Working in India: you reckon yourself flexible enough?

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Working in India: you reckon yourself flexible enough?

 “It happens, it will happen again. It’s complex, it’s India.” ~Mr B

Hai, my name is Bruno. One of my strengths is that I’m flexible: I easily adapt to new environments, I am able to blend into unfamiliar cultures and lay contact with people unknown.” At least.. that is how I used to reflect upon myself. ‘Self-reflection’: a major aspect in my studies ‘Regional Development and Innovation’. Flexibility.. I’ve never been so wrong.

I arrived in India somewhere in the beautiful month of February. The flexible me myself and I had no troubles with the ten-hour bus drive from Delhi (Kashmere Gate) to Dharamsala, nor finding this Kashmere Gate by metro from Delhi airport. I just asked around and found kind people to help me. One of the first things I encountered and understood from India: helpful people, noted.

I arrived to Naddi with the biggest plans one can ever imagine. Waste management: creating systems, what could be so difficult about that? Getting the right stakeholders together, creating a value chain, monitoring some, and *POOF* gone waste problem. You’re welcome. I have never been so wrong; second time.

Cause in India it’s not only the case that (local) governments do not act on at least trying to solve this problem, waste management itself is a quite unfamiliar and unrecognised concept in Indian society. People’s knowledge on importance of preserving their environments is kind of.. nihil: absent.

So there Bruno Lauteslager, first-of-his-name, stood in the middle of India. With a ‘placement plan’ written for his studies; consisting of learning objectives and achievements to come. A week after arrival I understood that nothing was going to be like expected. This placement plan was of no value anymore and could be thrown away. Time to get flexible: Indian style.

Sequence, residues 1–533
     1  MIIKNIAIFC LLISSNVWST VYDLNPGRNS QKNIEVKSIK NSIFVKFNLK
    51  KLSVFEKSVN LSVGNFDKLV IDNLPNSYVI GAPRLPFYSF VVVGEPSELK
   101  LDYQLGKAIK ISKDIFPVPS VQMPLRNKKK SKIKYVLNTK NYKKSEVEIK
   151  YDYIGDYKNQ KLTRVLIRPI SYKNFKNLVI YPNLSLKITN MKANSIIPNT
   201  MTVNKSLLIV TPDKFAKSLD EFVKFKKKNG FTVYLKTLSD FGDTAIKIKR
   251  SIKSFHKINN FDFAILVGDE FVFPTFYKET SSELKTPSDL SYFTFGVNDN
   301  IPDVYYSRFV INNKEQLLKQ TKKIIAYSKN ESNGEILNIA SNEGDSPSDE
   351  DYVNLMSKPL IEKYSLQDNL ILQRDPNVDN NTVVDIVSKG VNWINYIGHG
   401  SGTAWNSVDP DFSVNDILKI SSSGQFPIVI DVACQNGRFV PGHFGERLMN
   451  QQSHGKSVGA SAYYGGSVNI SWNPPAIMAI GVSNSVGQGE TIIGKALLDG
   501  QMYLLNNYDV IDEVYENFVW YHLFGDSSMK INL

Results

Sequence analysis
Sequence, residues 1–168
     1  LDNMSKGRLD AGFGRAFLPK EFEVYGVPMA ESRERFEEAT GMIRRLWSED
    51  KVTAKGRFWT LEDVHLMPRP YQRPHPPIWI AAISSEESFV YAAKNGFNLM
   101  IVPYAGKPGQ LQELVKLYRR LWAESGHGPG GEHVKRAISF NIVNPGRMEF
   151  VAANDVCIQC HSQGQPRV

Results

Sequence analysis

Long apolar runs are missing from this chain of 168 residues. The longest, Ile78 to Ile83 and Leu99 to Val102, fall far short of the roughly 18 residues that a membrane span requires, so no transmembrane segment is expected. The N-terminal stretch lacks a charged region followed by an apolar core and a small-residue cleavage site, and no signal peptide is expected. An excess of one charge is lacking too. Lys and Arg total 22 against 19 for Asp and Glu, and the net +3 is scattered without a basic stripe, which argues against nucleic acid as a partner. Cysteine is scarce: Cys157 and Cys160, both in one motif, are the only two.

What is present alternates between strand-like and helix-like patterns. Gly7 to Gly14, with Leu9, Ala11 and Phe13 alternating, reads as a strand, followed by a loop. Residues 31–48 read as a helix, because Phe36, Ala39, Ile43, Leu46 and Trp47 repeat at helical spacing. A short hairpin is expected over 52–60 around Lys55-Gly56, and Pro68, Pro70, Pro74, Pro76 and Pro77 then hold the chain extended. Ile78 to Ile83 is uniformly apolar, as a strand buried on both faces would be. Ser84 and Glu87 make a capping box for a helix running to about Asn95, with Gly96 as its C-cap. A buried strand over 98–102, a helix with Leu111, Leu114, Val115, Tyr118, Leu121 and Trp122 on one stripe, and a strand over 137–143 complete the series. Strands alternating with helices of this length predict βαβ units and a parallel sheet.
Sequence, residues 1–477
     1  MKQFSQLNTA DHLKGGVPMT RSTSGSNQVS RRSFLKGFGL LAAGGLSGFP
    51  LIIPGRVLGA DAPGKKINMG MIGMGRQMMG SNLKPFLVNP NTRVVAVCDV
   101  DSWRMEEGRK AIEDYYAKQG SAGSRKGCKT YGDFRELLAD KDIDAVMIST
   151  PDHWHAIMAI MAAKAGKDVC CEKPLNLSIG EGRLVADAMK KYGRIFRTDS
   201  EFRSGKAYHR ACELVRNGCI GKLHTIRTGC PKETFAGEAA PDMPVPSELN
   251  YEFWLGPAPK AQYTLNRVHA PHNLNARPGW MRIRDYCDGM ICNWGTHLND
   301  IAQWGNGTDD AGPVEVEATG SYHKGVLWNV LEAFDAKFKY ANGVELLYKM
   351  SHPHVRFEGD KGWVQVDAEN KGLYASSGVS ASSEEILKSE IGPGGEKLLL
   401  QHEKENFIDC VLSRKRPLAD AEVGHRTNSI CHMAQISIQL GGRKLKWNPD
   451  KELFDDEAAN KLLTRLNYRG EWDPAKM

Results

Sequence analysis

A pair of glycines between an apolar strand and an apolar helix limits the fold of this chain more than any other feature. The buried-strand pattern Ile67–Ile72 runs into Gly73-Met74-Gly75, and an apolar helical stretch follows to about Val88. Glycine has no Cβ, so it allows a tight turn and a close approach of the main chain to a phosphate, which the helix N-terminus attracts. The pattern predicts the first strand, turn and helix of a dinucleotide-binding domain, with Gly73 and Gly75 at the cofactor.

I arrived in Rait, 40 minutes away from Dharamsala. A picturesque village somewhere situated in Northern India. At time of my arrival, Rait Centre was at setting-up stage. Although the centre had existed for a couple of months, some projects had not started yet. SWASH was one of these not-existing projects.

My time here in Rait summarised: after writing a GENUIS project proposal in which my MASTERPLAN on SWASH: Waste Management in Rait was documented, me and my partner-in-crime Ethan Donovan first-of-his-name researched on waste pick-up possibilities. If we could create a system from Rait to e.g. Kangra dumpsite or Dharamsala dumpsite we would only have to connect with shopkeepers or households in Rait. Well, you; dear reader, feel it coming: creating this system was not possible at all.
P1090041Together with these findings and understandings came major changes in the project. First of all: this was not going to be a plain ‘dumping system’ anymore. ‘Waste as resource’ would be the new motto. Or rather: forget about waste: the project had just changed to RESOURCE MANAGEMENT. This also meant: screw your proposal which you have worked on for a week or so, India has just changed your plans boy. And that is where the flexible me, and my perfectly written project proposal both went our own ways.

Well okay, nice and all Bruno, but who is involved in your ‘resource management system’ nowadays? –Very interesting, thanks for questioning dear reader. Right now I am working with 6 shopkeepers. At first ‘households’ was aimed for: this target group changed to shopkeepers –be flexible-. These shopkeepers have agreed on collecting their waste rather than throwing or burning it, and even have to categorise it. However, by the end of the day, if one of the three bins is filled with a combination of soft-plastics, paper, and recyclables, don’t forget to -..be flexible..-. In a meeting at the end of a week, whilst dear respective manager Mr B fires ideas for 20 minutes –stay calm and have your mind BE. FLEXIBLE.-

And then, after your internship at EduCARE India; having experienced to develop and execute in a complex project management setting, you may ask yourself the question: ‘will I ever be able to get back to ‘normal’ project management’ again?

–I doubt it.

Bruno Lauteslager (Netherlands)

Complex project manager SWASH,

Rait Centre


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